Its requirement is very less in animal systems, hence its very difficult to produce its deficiency in them. Its main constitutents are 2, amino-hydroxy-6methyl pteridine, p-amino benzoic acid and gluatmic acid as shown below.

folic acid
Folic acid

Folic acid is the vitamin and its reduction products is the coenzymic form. Enzyme L-folate reductase, reduces folic acid to dihydrofolate (H2F). The double bond at position 7-8 is lost as two hydrogen atoms are added. Dihydrofolate is further reduced to (H4F) tetrahydrofolate. The double bond at position 5-6 is lost by further addition of two hydrogen atoms. The reduction is carried out with the help of NADH and H+.

The central role of tetrahydrofolate is to act as a carrier of one carbon unit, at the oxidation level of formate. The formate unit is used in the biosynthesis of pyrimidine, purines, serine and glycine.

Biochemical function:

The enzyme serine hydroxymethyl transferase contains THF as coenzyme to carry out one carbon transfer reaction, e.g. as shown below.

Vitamin B12

This enzyme is isolated from liver as a cyanocobalamine. It may also be isolated with anions other than cyanide, viz. hydroxyl, nitrate, chloride or sulphate. It is found only in animals and microorganisms and not in plants. It is involved in reactions like transmethylation and intramolecular migration. One of the reactions in which it is involved is given below.

Vitamin B12
Vitamin B12

Biochemical function:

The enzyme contains the cyanocoblamine as the coenzyme

Pantothenic Acid

It occurs as a component of coenzyme A and acyl carrier protein (ACP).

Pantothenic Acid
Pantothenic Acid

In 1954 Lipman found that a heat stable cofactor was required in many enzymes catalyzing acetylation. This cofactor was named coenzyme A, where A stands for acetylation. The terminal sulfhydryl group of CoA is the reactive site. The acyl group is attached to the CoA by thioester found.

Acyl carrier protein (ACP): Vagelos discovered that the intermediates in fatty acid synthesis in E.Coli are linked to an acyl carrier protein. Specifically they are linked to the sulfhydryl terminus of phosphantotheine group.

Vitamin C

This enzyme is water soluble. It is also named as ascorbic acid and can be isolated in pure crystalline form from lemon juice. Vitamin C also required in diet of only a few vertebrates- man, monkey, the guinea pigs and certain fishes, which are unable to synthesize them. Most other higher animals and plants can synthesize ascorbic acid from glucose or other simple precursors. It is requried for the normal formaiton of connective tissues (collagen). The vitamin especially is involved in the hydroxylation of proline and lysine residues of the collagen.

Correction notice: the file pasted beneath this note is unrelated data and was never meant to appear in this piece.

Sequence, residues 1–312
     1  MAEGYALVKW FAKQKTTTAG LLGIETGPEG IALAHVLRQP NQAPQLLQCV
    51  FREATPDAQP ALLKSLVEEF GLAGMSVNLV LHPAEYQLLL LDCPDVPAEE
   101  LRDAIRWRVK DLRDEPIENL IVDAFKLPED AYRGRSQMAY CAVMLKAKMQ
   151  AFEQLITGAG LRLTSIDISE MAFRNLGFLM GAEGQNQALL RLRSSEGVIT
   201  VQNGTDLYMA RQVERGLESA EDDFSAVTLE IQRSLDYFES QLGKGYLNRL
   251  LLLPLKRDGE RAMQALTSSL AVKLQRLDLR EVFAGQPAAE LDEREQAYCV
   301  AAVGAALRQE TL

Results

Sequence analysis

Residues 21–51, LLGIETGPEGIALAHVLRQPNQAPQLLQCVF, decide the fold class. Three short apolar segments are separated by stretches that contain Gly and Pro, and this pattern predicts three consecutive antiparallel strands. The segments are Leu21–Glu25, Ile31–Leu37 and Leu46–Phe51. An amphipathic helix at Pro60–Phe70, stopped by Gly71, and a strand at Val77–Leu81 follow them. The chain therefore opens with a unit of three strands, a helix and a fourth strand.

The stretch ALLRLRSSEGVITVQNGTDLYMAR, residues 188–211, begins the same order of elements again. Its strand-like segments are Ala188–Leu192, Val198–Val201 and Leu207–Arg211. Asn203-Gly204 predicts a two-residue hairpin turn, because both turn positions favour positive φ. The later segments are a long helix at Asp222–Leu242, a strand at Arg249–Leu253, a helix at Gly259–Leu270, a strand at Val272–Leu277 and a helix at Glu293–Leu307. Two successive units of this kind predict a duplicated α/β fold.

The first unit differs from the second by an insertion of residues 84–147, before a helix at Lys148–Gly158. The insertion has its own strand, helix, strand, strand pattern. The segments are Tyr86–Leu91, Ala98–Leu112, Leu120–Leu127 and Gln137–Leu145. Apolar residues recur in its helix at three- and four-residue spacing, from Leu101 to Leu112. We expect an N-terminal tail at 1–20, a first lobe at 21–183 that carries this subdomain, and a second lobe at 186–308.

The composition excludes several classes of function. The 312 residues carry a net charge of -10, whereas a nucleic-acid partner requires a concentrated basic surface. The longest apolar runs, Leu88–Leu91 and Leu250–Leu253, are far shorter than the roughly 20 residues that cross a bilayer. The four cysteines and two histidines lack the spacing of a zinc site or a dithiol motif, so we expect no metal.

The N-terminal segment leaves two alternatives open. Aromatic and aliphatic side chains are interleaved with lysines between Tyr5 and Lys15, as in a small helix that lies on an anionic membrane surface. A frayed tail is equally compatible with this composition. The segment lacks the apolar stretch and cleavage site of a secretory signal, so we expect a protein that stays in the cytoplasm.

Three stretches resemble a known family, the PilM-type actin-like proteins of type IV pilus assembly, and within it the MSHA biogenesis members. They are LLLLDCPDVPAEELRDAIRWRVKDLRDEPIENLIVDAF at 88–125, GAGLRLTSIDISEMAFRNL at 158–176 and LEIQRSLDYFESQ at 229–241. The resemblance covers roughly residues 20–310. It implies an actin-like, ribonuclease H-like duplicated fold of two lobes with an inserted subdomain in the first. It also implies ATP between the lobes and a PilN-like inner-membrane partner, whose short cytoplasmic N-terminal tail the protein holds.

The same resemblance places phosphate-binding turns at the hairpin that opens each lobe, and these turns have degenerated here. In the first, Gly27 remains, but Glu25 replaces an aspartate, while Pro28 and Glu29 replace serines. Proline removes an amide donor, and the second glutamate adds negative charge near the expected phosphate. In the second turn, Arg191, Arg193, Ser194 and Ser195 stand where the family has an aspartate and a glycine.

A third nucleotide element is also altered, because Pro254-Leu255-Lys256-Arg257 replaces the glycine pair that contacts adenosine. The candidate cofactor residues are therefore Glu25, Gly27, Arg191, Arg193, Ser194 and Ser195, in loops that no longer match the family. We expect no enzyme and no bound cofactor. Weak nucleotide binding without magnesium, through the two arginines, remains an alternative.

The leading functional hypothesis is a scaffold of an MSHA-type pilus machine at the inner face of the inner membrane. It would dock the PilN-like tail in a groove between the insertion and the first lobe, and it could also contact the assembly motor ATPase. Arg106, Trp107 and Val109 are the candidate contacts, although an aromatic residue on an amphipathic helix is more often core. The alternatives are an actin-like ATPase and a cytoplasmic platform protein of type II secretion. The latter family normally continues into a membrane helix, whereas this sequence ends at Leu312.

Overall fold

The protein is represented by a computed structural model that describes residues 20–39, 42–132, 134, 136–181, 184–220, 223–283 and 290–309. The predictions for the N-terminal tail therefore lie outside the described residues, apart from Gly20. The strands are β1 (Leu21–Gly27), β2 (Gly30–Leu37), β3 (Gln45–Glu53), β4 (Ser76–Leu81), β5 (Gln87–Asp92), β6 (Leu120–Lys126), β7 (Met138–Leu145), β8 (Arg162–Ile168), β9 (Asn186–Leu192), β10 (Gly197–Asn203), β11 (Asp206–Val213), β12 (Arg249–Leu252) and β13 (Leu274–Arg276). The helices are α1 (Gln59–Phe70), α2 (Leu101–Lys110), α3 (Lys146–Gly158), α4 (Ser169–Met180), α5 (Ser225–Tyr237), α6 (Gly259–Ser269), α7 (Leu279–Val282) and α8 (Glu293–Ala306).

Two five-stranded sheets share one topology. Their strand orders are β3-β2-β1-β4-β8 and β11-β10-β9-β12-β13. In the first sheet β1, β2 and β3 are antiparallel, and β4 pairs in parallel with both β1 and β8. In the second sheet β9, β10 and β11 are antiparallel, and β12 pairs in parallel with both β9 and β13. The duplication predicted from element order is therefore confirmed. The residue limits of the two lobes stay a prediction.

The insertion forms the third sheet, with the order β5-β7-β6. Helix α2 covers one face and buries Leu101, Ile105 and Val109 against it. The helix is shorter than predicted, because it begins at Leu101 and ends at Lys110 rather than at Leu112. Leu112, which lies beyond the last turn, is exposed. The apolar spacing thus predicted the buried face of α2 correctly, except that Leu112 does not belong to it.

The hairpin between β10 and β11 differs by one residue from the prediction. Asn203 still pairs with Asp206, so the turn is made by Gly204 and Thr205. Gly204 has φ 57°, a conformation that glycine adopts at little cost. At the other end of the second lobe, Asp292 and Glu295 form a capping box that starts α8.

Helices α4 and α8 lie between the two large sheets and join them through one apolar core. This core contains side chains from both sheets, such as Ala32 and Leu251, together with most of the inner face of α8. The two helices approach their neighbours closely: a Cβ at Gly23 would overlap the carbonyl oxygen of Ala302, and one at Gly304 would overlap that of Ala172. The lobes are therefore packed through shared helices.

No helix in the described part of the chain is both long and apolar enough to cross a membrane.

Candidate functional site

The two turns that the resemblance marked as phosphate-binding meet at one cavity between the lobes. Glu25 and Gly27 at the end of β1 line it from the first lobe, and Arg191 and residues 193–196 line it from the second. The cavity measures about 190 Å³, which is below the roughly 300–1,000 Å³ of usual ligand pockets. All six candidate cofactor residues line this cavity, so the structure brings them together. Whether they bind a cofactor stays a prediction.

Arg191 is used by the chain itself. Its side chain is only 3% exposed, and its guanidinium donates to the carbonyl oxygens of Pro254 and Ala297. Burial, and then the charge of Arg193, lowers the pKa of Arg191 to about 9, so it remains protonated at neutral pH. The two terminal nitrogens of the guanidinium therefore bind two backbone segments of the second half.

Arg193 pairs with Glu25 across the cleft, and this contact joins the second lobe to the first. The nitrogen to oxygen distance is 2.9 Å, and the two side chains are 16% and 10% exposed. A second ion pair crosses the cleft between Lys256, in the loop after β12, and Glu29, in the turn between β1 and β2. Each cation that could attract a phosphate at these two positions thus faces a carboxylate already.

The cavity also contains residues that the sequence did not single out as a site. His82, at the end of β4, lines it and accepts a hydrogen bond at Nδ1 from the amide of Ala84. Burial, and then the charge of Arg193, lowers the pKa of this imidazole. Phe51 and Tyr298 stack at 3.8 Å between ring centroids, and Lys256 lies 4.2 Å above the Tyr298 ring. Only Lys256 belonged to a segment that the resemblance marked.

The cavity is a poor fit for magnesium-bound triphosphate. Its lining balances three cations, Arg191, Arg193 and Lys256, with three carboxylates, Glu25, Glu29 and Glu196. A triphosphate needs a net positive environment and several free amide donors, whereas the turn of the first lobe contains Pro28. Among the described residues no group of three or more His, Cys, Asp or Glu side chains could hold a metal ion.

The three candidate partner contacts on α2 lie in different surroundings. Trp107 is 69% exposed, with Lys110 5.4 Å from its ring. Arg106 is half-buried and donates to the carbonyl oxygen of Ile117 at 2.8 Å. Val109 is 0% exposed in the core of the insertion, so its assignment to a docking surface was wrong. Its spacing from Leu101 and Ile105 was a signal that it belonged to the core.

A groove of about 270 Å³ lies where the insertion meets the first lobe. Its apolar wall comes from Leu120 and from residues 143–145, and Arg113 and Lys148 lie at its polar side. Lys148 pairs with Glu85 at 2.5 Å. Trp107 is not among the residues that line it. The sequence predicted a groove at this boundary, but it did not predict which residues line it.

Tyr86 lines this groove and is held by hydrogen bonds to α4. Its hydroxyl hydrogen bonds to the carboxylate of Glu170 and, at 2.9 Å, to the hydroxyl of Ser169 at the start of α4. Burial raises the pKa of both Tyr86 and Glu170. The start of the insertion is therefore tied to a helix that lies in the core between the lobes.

Vitamin C
Vitamin C

Its deficiency leads to scurvy.

Fat Soluble Vitamins

These vitamins are designated by the letters A, D, E and K. Unlike water soluble vitamins, they are stored in the organisms. Therefore, their supply in excess can be harmful. No specific coenzyme function has yet been found for any of the fat soluble vitamins.


Vitamin A1 or retinol and its aldehyde derivative, retinal, has the following structure:

These compounds are formed from their parent substance beta-carotene, which is called its provitamin.

Vitamin A
Vitamin A

An oxygenase located in the intestinal mucosa cleaves the beta-carotene as shown above, yielding two molecules of vitamin A1 aldehyde or retinal, which is then reduced to retinol by alcohol dehydrogenase. Beta-carotene is synthesized in plants by not in animals. The deficiency of vitamin A leads to night blindness. It is stored in liver. Excess intake leads to toxicity. Retinol and its aldehyde, retinal are the intermediates in chemical changes that occur during the visual process in the rods cell of an eye.

Rhodopsin consists of 11 cis-retinal bound to a protein (opsin). Light isomerizes 11-cis-retinal and it leads to the conversion of rhodopsin to opsin and all trans-retinal, which ultimaely leads to cascade of reactions that make us to see.

Vitamin D

Vitamin D also called calciferol, has two important forms i.e. D2 (ergocalciferol) found in plants and D3 (cholecalciferol) found in animals. They are the derviatives of cholesterol and are involved in the calcium and phosphorous metabolism.

Cholecalciferol Vitamin D
Cholecalciferol or Vitamin D

The active form of vitamin D3 is 1.25 dihydrocholecalciferol (calcitriol), which is required for the normal formation of bones. The vitamin increases the calcium absorption into intestinal cells and brings about normal calcification of bone matrix. Its deficiency leads to rickets. Vitamin D2 is formed from ergosterols in plants.

Vitamin E

They are also named as tocopherols (group of related compounds). It contains substituted aromatic ring and long hydrocarbon chain as shown.

Tocopherol Vitamin E
Tocopherol or Vitamin E

This vitamin prevents the oxidatin of unsaturated fatty acids. It occurs in plant oils, wheat germ, rice bran and soyabean. Its deficiency leads to destruction of erythrocytes and causes muscular dystrophy. Tocopherols are used commercially to retard spoilage of foods.

Vitamin K

Also called coagulation vitamin as its deficiency increases blood clotting time. At least two forms are known: Vit-K1 (Phylloquinone) in plants, Vit-K2 (menaquinone) in intestinal microflora

vitamin K Phylloquinone
Vitamin K or Phylloquinone

Vitamin K2 consists of 6-9 isoprene units that are indicated in the brackets. The vitamin helps in the formation of prothrombin, a blood plasma protein which is essential in blood clot formation.

Nitrogen Base

The nitrogenous bases are derivatives of two heterocyclic compounds, pyrimidine and purine

Nucleic acids have three principal derivatives of pyrimidine base i.e. cytosine, thymine, and uracil, whereas two principal purine bases i.e. guanine and adenine. Thymine is only present in DNA and uracil in RNA.